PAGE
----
In December 2017 a local council in Melbourne, Vic. ordered that the owners of an apartment block in  Brunswick, covered in combustible cladding have received an emergency order to make their building safe within three months.. The overall cost to repair the building has been estimated, in research done for the owners corporation, at approx. $2 million. Council ordered that flammable cladding around fire hydrants and hoses be removed within two months and that additional sprinklers be installed on each balcony in the complex within three months.

Also in December 2017, the WA Building Commission announced that it would broaden the scope of an initial audit to include a state-wide audit of all high-rise buildings with cladding attached. The audit identified 460 multi-storey buildings in WA with cladding.


The broader consequences

The fires in Grenfell London and in the Lacrosse Building in Victoria in 2014, have been the impetus for a review of non-compliant use of non-conforming building products in Australia. This has led to a number of state-wide audits and introduction of regulations and legislative changes to address the use of non-conforming building products in buildings.

Aside from the immediate issues of safety and a wider set of responsibilities and duties should be considered:

  • Increased scrutiny by authorities and governmental agencies of buildings with unsafe building products in particular, aluminium composite panels.
  • Policing the importation of polyethylene aluminium composite cladding.
  • Building surveyors, building inspectors, builders & project managers, should seek to improve compliance and provide greater consumer protection and public safety outcomes. A national licencing scheme including requirements for continuing professional development would ensure that building practitioners have the necessary skills and knowledge to operate in the building industry’s complex regulatory environment.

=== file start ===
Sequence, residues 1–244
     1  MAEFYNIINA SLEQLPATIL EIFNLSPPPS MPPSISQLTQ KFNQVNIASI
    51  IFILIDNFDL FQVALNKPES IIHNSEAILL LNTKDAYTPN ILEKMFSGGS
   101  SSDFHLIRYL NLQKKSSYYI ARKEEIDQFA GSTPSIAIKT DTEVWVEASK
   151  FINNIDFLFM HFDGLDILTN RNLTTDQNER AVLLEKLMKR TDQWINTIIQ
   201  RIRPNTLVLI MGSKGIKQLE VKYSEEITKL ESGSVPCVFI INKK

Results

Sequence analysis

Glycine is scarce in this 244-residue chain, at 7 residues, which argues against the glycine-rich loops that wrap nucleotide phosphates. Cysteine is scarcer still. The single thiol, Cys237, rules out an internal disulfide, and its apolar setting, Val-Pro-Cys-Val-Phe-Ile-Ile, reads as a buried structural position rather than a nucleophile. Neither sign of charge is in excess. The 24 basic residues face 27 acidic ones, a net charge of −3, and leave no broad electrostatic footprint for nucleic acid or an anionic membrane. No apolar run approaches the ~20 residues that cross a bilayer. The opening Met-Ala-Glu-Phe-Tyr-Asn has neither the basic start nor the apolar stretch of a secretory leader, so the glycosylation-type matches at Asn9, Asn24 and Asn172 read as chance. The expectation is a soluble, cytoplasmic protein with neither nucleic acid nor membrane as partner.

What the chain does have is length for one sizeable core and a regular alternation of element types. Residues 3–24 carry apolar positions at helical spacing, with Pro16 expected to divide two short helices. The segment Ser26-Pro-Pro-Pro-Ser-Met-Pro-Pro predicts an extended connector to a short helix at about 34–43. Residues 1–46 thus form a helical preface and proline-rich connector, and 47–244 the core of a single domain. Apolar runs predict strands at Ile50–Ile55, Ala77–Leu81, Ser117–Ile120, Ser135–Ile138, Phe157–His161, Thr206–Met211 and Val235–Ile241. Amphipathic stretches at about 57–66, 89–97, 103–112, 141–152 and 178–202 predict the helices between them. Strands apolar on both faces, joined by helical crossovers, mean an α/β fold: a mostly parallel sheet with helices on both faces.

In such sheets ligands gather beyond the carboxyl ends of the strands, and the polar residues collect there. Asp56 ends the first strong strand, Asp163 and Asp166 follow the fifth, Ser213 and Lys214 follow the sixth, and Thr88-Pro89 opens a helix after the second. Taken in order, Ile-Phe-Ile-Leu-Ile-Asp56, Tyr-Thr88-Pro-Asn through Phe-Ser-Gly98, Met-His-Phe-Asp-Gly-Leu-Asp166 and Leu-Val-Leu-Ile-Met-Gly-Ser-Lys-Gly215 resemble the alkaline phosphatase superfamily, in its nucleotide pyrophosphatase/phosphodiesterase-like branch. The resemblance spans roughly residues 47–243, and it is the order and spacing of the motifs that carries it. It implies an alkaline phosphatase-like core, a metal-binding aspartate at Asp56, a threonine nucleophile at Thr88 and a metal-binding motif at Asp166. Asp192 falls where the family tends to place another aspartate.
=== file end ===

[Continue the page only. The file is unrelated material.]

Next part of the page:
• Appropriate risk management is made to ensure that decision making including cost benefit analysis of the best outcomes.
  • Increased insurance premiums and excesses: as understanding of how widespread the issue is spreads, increases in insurance premiums are inevitable.
  • Consider insurance policies that these respond to potential claims, actions and rectification costs that are likely to be made. Insurers should also be mindful of suitable recovery options against third parties that may have been responsible for the damage. Further, if the products have been manufactured overseas, relevant recovery action against parties that supplied and/or designed the unsafe building product, should also take into account that limitation periods in some overseas jurisdictions may be shorter than operate in Australia.
  • Urgent review by owners corporations/owners by appropriate expert investigation (for example, the CSIRO) regarding unsafe building products and suitable remedial action taken to ensure necessary compliance.



Non-conforming building products affect a number of entities, namely, developers, building owners, and bodies corporate who are concerned because they potentially will be impacted by the level of non-compliances with buildings and the duties they owe to the occupiers of those buildings.

Various Governmental audits and the interim findings of the Federal Senate Committee, suggests that the non-compliant use of cladding is widespread. There has also been extensive delay in developing and implementing policies to address non-compliance in the building industry. This is an important issue for the community, with ramifications for industry and insurance providers. The final report of the Federal Senate Inquiry due on 19 September 2018 is awaited with interest. It is likely to result in further changes at a State level regarding non-conforming building products.

Anthony Herron
LL.B (University of Sydney)
Executive Loss Adjuster and In-House Counsel
Technical Assessing Pty Limited